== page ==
Even today, it is still not unusual for these two great spiritual teachers to be confused and conflated. It is sometimes claimed (against all available evidence) that Buddha and Mahavira were one and the same, or that Jainism is really a subset of Buddhism, which is far better known outside Indic civilization. There are many differences, both obvious and subtle, between the two philosophies, as well as areas of common ground, but such comparisons lie outside the scope of this study. In iconography, a simple distinction can be made by clothes: Mahavira is usually naked, whereas the Buddha is usually clothed! Icons of Parshva and other Tirthankaras are also frequently found in Jain homes and places of assembly.

To bring the dates of Mahavira and Gautama Buddha into a western perspective, we may note that Aristotle was born in 384 BCE and Jesus Christ around 4 BCE. India officially celebrated the 2500th anniversary of Mahavira’s nirvana between 13th November 1974 and 4th November 1975. One of the strongest admirers of the Jain religion was Mahatma Gandhi, whose thoughts and actions were greatly influenced by certain Jains, in particular Raychandbhai (Raychandbhai Mehta, also known as Shrimad Rajchandra). Gandhi was inspired by Jain doctrines of non-violence, respect for life, ecological responsibility and the value of each individual. He applied these teachings to his strategy of Satyagraha (‘truth-struggle’) and non-violent resistance to British colonial rule. They also helped him shape his economic philosophy of swadeshi: self-sufficiency through cooperatives and local production for local need. While embracing many Jain ideas, Gandhi remained a devout Hindu and indeed credits his Jain guides with increasing his understanding of what Hinduism was really about. The evolution of Gandhi’s thought is surely one of the clearest illustrations of how Jainness works.

Mahavira is often erroneously referred to as the ‘founder’ of Jainism. In reality, he sculpted a new form from material that had already been long in existence. Jainism has evolved out of the most ancient Indic spiritual teachings, which are in turn aspects of the earliest human consciousness of the universe. Living as a Jain implies awareness of Dharma, which is at once a natural law governing the workings of the universe and an ethical system showing us how we should live. Spiritual practice and the pursuit of knowledge bring us into closer alignment with Dharma.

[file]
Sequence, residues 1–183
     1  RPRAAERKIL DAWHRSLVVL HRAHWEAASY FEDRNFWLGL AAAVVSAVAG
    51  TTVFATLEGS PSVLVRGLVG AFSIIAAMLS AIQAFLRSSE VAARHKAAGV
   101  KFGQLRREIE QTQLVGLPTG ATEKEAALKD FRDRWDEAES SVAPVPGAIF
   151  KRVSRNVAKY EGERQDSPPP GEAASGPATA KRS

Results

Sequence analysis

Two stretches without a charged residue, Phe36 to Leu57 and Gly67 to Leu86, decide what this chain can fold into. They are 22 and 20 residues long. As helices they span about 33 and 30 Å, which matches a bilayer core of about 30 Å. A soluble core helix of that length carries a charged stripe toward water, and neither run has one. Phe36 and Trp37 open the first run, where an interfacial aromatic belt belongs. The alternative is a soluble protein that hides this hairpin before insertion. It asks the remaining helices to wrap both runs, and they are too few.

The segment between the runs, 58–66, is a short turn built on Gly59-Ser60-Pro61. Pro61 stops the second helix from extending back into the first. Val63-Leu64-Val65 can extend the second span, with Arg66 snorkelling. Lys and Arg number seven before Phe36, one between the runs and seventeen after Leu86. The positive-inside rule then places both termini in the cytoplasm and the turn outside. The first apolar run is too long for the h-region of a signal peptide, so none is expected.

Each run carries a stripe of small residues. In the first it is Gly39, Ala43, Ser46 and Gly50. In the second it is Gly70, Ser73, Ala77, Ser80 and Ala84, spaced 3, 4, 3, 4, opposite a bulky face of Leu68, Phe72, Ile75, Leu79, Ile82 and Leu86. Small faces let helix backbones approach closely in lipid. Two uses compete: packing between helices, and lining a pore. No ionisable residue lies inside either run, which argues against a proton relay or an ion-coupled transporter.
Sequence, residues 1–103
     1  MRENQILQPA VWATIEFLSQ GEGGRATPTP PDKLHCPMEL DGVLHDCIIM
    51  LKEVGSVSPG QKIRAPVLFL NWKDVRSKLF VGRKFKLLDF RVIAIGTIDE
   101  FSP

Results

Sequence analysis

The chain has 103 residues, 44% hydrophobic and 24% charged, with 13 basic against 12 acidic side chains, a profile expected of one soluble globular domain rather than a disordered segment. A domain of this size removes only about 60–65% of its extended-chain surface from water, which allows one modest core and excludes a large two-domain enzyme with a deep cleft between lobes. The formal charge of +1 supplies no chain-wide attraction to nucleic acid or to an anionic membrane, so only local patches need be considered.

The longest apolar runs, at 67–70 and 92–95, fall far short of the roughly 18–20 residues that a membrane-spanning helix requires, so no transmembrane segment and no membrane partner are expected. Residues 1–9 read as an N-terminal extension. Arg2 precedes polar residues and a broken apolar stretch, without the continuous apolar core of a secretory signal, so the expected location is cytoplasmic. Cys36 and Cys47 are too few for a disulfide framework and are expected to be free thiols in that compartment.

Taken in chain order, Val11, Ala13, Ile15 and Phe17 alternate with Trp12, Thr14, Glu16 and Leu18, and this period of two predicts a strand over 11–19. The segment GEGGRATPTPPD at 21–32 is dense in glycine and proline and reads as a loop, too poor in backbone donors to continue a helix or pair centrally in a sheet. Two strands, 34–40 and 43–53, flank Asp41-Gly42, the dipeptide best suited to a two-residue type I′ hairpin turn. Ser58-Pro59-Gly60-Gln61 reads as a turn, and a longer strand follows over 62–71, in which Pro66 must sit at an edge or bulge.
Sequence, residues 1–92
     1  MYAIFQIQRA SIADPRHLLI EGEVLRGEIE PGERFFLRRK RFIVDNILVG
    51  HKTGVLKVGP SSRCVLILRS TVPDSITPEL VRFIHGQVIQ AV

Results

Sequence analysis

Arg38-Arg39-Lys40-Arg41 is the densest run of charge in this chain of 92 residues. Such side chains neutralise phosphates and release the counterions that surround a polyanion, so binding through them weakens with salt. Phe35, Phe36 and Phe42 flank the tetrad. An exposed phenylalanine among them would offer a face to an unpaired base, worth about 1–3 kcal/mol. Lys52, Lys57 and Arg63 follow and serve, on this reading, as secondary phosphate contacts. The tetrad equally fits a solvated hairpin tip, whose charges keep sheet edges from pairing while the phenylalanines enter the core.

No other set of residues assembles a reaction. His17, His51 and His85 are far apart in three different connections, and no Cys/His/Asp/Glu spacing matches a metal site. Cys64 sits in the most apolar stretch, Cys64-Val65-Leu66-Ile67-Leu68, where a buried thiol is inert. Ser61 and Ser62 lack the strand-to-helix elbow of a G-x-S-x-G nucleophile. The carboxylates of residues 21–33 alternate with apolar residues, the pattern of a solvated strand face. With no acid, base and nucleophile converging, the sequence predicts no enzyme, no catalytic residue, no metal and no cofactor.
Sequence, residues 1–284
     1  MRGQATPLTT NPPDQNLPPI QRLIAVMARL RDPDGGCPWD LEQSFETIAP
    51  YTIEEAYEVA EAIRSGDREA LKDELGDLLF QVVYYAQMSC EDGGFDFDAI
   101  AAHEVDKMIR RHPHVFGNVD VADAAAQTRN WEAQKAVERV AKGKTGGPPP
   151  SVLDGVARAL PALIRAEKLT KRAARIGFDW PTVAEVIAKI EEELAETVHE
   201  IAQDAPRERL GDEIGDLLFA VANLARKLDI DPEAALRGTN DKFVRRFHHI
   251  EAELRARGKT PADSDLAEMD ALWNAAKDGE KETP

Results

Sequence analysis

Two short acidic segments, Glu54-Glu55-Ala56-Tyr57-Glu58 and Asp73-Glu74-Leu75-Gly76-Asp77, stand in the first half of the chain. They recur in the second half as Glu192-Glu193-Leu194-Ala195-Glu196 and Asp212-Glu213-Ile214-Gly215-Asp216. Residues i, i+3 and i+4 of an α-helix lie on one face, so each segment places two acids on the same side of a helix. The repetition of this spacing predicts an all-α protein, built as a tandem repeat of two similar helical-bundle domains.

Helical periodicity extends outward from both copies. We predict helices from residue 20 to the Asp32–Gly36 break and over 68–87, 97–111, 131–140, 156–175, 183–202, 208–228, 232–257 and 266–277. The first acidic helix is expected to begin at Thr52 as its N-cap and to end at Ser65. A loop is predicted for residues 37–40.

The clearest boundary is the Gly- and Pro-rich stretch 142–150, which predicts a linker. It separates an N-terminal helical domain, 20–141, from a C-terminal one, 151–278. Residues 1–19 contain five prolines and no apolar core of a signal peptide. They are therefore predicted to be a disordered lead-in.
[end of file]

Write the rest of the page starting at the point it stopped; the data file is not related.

Living Jainism, Aidan Rankin and Kanti Mardia,

978-1-78099-912-8 (Paperback) £12.99 $22.95 , 978-1-78099-911-1 (eBook) £6.99 $9.99


Living Jainism explores a system of thought that unites ethics with rational thought, in which each individual is his or her own guru and social conscience extends beyond human society to animals, plants and the whole of the natural world. The Jain Dharma is a humane and scientific spiritual pathway that has universal significance. With the re-emergence of India as a world power, Jain wisdom deserves to be better known so that it can play a creative role in global affairs. Living Jainism reveals the relevance of Jain teachings to scientific research and human society, as well as our journey towards understanding ourselves and our place in the universe.


Essential reading for anyone interested in the philosophy of Jainism for our time David Lorimer, Scientific and Medical Network

Exquisite scholarship … I cannot recommend this book more highly Rev. Lynne Sedgmore CBE

An outstanding book from two very talented scholars of Jain philosophy and wisdom Dr Atul K. Shah

Kanti Mardia is Senior Research Professor in Statistics at Leeds University, UK., as well as having five higher degrees and various professional fellowships. He is President of the Yorkshire Jain Foundation and his previous Jain-related books include The Scientific Foundations of Jainism and Jain Thoughts and Prayers.

Aidan Rankin is a London-based writer whose books include Many-Sided Wisdom: A New Politics of the Spirit, Shinto: A Celebration of Life and The Jain Path: Ancient Wisdom for the West. He has PhD and MSc degrees in Political Science from the London School of Economics and an MA in Modern History from Oxford University